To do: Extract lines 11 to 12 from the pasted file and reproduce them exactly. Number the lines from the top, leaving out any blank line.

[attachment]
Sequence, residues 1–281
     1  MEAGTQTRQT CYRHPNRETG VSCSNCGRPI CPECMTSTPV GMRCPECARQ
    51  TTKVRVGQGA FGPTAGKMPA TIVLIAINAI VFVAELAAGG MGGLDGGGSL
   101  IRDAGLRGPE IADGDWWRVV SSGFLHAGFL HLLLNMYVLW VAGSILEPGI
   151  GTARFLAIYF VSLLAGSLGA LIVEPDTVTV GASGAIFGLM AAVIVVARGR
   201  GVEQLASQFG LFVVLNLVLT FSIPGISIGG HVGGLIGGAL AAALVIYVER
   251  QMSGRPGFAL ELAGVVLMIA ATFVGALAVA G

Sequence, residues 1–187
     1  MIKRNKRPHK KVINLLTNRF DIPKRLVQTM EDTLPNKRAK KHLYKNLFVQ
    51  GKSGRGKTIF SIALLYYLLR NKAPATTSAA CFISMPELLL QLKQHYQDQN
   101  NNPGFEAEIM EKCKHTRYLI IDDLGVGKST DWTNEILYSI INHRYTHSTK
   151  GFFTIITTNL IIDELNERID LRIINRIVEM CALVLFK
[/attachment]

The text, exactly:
   101  NNPGFEAEIM EKCKHTRYLI IDDLGVGKST DWTNEILYSI INHRYTHSTK
   151  GFFTIITTNL IIDELNERID LRIINRIVEM CALVLFK